Latest Harry Potter controversy reveals truth about JK Rowling

More than 20 years after the first Harry Potter book was released, the franchise still has the power to amaze – and offend.

At the heart of the latest controversy is a five-second clip in the trailer for Fantastic Beasts 2: The Crimes of Grindelwald, which shows South Korean actress Claudia Kim transforming into a snake. The scene apparently reveals the backstory behind her character, Nagini, who becomes evil Lord Voldemort's pet: She is a shape-shifter, cursed to become trapped in a snake's body. That doesn't sound too offensive until you realise Kim is one of the only women of colour in the franchise and that Nagini's main role in the series is to sustain Voldemort with milk and act as a vessel for his soul. Kim's role is reduced to playing a character who will become a white man's pet – literally.

Claudia Kim as Nagini in Fantastic Beasts: The Crimes of Grindelwald.

Claudia Kim as Nagini in Fantastic Beasts: The Crimes of Grindelwald.

Amid the criticism, Rowling took to Twitter to explain the character and only made things worse. She suggested she had based Nagini on a creature from Indonesian mythology and pointed out that "Indonesia comprises a few hundred ethnic groups". That's true – except Kim is not Chinese or south-east Asian and Asian ethnicities are not interchangeable. Rowling may have been trying to prove her characterisation was culturally sensitive but she missed the mark.

The Nagini clip isn't so much racist as thoughtless, and entirely in keeping with Rowling's own track record on representation and inclusion. Sure, the Harry Potter series has a number of characters from minority backgrounds, yet not one is central to the plot or fleshed out in any way. They are often inaccurate stereotypes or tokens that act as halfhearted nods to diversity. Cho Chang, for instance, is a mash-up of two Asian last names that shouldn't really go together.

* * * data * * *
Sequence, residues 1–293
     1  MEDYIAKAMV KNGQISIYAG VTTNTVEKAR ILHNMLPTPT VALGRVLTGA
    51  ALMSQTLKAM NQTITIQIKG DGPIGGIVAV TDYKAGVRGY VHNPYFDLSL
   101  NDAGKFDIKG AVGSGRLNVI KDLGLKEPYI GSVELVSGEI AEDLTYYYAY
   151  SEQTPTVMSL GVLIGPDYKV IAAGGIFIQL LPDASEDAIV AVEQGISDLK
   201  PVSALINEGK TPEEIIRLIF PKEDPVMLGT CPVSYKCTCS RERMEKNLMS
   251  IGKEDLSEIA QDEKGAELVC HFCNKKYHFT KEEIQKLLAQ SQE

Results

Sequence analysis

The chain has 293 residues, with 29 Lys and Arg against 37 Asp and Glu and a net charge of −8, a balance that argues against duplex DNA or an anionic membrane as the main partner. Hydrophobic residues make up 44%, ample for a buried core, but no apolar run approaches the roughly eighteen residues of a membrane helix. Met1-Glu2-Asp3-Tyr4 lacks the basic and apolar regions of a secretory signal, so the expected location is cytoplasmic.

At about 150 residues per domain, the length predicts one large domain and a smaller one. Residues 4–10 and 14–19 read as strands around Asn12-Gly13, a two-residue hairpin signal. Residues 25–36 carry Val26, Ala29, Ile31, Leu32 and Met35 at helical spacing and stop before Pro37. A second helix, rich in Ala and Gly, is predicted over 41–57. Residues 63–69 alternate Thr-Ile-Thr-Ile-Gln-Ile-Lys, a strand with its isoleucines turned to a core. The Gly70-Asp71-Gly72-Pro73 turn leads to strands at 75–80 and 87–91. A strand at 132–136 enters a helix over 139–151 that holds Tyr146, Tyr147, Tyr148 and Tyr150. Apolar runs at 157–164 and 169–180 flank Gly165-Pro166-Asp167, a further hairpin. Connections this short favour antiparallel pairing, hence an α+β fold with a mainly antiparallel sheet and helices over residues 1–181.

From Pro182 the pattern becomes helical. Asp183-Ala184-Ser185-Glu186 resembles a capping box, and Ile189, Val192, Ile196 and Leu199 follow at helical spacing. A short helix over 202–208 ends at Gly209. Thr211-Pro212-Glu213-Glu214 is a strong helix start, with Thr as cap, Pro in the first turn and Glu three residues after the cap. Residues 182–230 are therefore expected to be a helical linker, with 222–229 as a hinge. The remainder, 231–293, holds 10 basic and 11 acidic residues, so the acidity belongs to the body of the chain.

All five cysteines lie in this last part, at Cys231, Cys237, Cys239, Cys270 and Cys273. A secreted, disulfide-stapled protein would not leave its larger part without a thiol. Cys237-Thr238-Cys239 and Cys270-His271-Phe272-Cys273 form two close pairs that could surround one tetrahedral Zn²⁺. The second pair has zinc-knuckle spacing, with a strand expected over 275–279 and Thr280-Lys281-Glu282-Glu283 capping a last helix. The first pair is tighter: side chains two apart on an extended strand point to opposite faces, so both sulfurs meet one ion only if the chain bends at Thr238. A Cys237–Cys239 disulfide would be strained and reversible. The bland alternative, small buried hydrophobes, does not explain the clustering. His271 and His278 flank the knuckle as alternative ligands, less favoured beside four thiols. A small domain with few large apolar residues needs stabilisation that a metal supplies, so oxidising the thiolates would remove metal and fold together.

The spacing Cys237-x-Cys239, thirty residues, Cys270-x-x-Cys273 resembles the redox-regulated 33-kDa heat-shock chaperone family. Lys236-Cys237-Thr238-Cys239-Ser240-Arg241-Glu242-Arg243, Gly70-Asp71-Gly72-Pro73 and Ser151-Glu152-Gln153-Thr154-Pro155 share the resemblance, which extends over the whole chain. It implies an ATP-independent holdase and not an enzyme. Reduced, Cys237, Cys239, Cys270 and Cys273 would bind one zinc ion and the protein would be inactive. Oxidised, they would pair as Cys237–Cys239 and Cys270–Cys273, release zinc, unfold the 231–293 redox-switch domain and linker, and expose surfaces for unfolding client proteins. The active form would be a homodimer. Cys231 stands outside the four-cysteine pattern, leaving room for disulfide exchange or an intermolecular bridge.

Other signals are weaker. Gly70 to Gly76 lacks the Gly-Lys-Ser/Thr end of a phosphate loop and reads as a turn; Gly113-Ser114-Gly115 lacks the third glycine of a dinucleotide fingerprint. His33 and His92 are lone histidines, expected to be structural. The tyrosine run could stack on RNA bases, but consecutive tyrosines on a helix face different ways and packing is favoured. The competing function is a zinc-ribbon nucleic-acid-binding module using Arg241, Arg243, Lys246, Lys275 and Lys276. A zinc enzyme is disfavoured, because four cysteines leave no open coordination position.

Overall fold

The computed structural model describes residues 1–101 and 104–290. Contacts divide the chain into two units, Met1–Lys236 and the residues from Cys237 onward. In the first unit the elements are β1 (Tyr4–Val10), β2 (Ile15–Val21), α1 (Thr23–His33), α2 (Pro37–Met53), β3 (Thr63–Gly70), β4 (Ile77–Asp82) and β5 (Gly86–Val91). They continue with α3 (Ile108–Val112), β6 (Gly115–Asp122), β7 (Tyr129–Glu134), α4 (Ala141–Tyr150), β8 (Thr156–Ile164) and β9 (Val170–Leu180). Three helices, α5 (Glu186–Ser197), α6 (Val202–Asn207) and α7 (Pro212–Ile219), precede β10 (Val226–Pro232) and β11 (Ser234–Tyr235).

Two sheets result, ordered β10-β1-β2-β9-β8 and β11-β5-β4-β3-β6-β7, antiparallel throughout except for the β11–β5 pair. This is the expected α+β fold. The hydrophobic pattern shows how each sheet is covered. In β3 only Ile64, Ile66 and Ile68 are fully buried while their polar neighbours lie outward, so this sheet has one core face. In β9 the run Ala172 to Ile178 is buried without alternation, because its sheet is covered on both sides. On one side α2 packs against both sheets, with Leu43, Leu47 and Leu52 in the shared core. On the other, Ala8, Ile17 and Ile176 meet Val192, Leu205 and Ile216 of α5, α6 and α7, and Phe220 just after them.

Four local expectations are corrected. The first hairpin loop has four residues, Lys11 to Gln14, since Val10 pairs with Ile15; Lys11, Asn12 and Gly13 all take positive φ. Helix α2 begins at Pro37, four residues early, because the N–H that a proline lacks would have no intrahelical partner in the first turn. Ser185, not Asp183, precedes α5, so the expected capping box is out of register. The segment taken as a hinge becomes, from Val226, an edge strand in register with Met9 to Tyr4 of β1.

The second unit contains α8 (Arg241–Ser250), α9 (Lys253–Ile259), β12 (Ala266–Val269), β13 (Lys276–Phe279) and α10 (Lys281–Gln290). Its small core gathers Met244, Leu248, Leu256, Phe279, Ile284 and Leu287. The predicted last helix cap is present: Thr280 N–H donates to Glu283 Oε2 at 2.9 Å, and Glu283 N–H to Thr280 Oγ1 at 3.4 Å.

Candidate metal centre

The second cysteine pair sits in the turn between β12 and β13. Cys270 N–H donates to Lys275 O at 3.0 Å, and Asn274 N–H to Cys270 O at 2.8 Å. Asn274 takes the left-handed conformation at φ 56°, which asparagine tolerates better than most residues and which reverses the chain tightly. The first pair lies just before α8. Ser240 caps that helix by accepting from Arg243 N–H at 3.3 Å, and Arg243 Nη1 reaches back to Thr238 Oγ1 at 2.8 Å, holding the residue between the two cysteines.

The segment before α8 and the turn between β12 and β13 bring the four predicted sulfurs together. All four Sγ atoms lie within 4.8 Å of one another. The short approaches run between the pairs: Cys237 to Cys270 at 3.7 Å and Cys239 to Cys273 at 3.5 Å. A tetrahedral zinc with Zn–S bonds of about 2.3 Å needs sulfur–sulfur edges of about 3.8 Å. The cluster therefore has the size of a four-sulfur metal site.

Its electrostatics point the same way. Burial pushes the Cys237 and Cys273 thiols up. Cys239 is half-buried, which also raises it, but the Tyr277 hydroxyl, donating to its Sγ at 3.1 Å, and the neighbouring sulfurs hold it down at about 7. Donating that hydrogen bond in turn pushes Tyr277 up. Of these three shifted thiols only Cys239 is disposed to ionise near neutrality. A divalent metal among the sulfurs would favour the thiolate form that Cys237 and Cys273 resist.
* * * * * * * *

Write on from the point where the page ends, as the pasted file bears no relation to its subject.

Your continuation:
It seems Rowling is trying to make up for this lack of representation by adding diverse characters retroactively. In 2007, she suggested headmaster Albus Dumbledore was gay. And when the West End production of Harry Potter and the Cursed Child cast black actress Noma Dumezweni, she hinted Hermione might have been from a racial minority from the start.

JK Rowling has a track record when it comes to representing minorities.

JK Rowling has a track record when it comes to representing minorities.

Perhaps these late nods to diversity are better than nothing. After all, the world has changed in the decades since Rowling planned out her series. But Rowling seems to want to convince us she planned these plot twists all along. Somehow, I doubt it.

Fans are right to wish for more than the haphazard introduction of under-represented characters. That sort of approach tends to result in exactly what this trailer seems to deliver with Nagini: exoticised, fetishised caricatures. Even a series as beloved as Harry Potter needs strong representation of diverse characters if it wants to stand the test of time.

Washington Post

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